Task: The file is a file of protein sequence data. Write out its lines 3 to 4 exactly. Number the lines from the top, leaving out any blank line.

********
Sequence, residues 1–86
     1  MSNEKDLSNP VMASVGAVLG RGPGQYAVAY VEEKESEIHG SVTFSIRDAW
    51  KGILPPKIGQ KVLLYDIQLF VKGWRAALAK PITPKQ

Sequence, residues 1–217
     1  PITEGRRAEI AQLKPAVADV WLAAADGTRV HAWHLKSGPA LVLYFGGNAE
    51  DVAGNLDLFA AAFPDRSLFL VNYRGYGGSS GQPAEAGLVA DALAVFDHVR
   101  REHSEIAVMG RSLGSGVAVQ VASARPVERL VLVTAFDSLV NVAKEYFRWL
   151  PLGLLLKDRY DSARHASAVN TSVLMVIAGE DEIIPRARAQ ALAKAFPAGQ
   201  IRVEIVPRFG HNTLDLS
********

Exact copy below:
    51  KGILPPKIGQ KVLLYDIQLF VKGWRAALAK PITPKQ

Sequence, residues 1–217